Today, Ontario is split unofficially into two sections: southern Ontario and northern Ontario. The reason for this division is because of the vast geographical differences between the the two. The Great Lakes in southern Ontario help keep the area warm in the winter and are responsible for its summer growing season. Northern Ontario has much less water, and is thus much dryer, creating very long, very cold winters. The majority of Ontario's population lives around the Great Lakes, while a very small minority of people live in northern Ontario.

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My First Hostel

When I was planning my trip to Poland and Ukraine I wanted to make everything as cheap as possible. I picked the cheapest flight, I went on the cheapest tours and I picked the cheapest places to sleep. I have read about other people staying in hostels, and that they can be much cheaper than hotels or even AirBnb, so I figured I would give it a try.

My first hostel was Kiev Central Station Hostel, located about a 6 minute drive or a 21 minute walk away from Central Railway Station. If you visit this hostel I would recommend either getting a ride from a bonafide taxi driver or just walking the distance.

One of the problems with Kyiv is the number of unofficial taxi drivers in the city. They hang around the airport and train stations like buzzards, charge ridiculous rates and, at least in my experience, speak zero English and deliberately get lost. I was warned about the taxi drivers at the airport but not the ones at the train station, so I took a chance and got burned. My driver took me as far south as the Central Bus Station and then back north again, which cost me 1,900 Hryvnia, or about $100, when it should have only been a 6 minute drive. For a less experienced traveler the experience would have been harrowing, especially when the taxi driver refused to respond to my requests to "Stop and let me out" after driving me around for over half an hour.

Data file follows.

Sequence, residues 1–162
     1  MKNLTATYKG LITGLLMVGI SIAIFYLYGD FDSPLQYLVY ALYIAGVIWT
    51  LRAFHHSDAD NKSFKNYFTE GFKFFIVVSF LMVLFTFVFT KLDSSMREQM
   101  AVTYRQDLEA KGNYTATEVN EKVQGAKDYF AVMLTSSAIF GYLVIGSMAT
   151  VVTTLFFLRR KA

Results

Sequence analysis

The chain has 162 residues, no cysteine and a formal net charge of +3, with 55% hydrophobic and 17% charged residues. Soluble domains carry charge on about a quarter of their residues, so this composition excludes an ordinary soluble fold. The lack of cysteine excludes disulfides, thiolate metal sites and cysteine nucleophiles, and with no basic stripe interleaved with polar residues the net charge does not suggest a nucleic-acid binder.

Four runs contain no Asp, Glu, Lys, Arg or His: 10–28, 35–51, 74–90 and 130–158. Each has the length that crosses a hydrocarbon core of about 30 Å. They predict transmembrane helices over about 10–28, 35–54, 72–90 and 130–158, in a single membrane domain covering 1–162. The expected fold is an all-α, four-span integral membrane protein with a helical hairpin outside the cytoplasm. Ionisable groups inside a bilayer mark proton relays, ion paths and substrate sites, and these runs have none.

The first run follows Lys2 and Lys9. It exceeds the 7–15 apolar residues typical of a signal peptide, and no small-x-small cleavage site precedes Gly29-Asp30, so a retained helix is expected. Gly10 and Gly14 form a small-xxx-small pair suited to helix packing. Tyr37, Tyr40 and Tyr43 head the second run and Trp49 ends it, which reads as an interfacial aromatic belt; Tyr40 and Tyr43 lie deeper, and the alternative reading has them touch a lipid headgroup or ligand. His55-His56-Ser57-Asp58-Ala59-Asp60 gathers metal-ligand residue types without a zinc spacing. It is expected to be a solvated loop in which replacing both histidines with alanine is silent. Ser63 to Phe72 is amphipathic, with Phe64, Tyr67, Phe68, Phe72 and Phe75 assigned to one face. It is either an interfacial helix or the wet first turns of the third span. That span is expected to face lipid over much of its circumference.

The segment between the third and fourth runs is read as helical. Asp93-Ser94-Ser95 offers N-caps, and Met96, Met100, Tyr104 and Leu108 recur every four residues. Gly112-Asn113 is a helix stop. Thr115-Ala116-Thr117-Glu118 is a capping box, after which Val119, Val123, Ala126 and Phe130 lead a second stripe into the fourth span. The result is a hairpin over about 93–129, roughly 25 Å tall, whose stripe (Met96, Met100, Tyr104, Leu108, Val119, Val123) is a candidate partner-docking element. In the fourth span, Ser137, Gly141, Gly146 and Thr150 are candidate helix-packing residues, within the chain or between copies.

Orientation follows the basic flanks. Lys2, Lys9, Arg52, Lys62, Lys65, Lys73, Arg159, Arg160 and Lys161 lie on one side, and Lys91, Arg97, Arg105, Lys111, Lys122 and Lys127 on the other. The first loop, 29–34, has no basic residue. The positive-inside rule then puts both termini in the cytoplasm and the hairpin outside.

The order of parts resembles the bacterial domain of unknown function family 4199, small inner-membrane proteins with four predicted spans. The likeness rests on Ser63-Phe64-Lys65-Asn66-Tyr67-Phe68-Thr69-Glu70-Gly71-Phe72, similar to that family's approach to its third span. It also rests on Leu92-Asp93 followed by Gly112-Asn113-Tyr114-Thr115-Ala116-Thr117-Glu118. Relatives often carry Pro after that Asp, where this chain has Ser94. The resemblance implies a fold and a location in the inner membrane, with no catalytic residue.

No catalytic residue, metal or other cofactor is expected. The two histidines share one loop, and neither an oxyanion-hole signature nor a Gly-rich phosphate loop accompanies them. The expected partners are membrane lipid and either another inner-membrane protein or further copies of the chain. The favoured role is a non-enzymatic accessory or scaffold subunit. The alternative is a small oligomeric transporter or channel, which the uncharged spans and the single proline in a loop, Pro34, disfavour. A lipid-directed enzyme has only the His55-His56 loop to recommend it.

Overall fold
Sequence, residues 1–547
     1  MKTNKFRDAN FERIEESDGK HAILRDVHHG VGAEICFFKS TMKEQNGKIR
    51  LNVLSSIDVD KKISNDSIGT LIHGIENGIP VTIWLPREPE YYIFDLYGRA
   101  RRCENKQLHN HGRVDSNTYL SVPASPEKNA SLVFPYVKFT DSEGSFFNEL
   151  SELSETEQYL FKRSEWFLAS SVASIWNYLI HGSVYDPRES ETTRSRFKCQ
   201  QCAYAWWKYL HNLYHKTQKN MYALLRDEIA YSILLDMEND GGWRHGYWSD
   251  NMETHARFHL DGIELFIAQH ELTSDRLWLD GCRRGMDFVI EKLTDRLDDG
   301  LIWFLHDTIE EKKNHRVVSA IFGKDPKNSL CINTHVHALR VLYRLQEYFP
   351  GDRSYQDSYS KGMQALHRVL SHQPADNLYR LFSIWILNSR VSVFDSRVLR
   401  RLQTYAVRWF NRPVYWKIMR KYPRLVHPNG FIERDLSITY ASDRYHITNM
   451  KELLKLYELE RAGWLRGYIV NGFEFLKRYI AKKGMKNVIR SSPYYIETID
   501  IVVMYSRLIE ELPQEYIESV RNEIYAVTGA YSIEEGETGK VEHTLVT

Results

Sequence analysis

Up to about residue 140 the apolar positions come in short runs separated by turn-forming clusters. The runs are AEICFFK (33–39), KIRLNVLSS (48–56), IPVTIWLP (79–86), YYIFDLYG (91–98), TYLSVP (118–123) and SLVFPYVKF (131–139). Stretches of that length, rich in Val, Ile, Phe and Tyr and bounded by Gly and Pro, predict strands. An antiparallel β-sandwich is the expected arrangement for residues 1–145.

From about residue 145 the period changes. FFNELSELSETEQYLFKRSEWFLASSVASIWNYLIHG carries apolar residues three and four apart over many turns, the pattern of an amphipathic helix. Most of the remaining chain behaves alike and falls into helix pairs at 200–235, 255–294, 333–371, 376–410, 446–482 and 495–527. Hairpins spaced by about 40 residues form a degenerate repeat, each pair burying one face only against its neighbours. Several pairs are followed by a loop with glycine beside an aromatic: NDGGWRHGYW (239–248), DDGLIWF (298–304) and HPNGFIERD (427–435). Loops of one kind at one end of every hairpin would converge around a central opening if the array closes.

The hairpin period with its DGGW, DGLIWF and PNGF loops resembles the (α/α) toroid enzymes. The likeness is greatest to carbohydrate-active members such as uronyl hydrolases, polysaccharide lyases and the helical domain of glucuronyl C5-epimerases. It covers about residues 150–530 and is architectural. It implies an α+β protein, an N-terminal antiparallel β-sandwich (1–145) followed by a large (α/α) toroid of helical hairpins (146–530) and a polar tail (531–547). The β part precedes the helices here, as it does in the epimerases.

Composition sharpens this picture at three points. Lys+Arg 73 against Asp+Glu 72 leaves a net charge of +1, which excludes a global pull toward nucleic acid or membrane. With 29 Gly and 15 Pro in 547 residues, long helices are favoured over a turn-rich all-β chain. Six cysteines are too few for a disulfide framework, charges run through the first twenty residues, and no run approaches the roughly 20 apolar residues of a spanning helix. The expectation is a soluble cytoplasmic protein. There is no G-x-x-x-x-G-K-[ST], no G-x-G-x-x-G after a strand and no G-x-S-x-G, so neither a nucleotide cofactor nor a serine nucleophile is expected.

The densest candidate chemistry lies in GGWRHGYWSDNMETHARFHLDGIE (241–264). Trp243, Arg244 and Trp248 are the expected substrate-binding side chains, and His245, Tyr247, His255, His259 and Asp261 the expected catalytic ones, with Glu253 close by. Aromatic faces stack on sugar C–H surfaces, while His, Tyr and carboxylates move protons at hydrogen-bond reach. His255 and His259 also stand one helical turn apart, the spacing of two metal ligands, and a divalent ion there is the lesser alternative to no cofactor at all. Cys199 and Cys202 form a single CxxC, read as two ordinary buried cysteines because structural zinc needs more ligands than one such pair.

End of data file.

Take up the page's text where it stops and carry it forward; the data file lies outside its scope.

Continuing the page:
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Camping, Hiking and Fishing at Lac La Ronge

Ten years ago a member of my family, Andy Clark, was killed in a plane crash just outside the La Ronge airport. This past winter we learned that a few weeks after the funeral, the local community created a gazebo and memorial in remembrance of him at the crash site. We decided this past Canada Day long weekend was the perfect time to see it.

La Ronge is about six hours north of Regina, so the trek took us two days, having us stopover in Prince Albert for the night. While the southern half of Saskatchewan is prairie, the northern half is full of rolling hills, sparkling lakes and thick dense forest. Part of the Precambrian Shield, northern Saskatchewan has some of the oldest stones and hills in the world, dating back 2.5 to 4.2 billion years. The area's hills were once volcanoes, now dormant and flattened with erosion. This is one of the last few places in the world left untouched by modern man.

We arrived at La Ronge and set up a campsite at Nut Point, right on the edge of the lake. While we picked a campsite no electricity, we had the best spot in the campground. Just check out that view!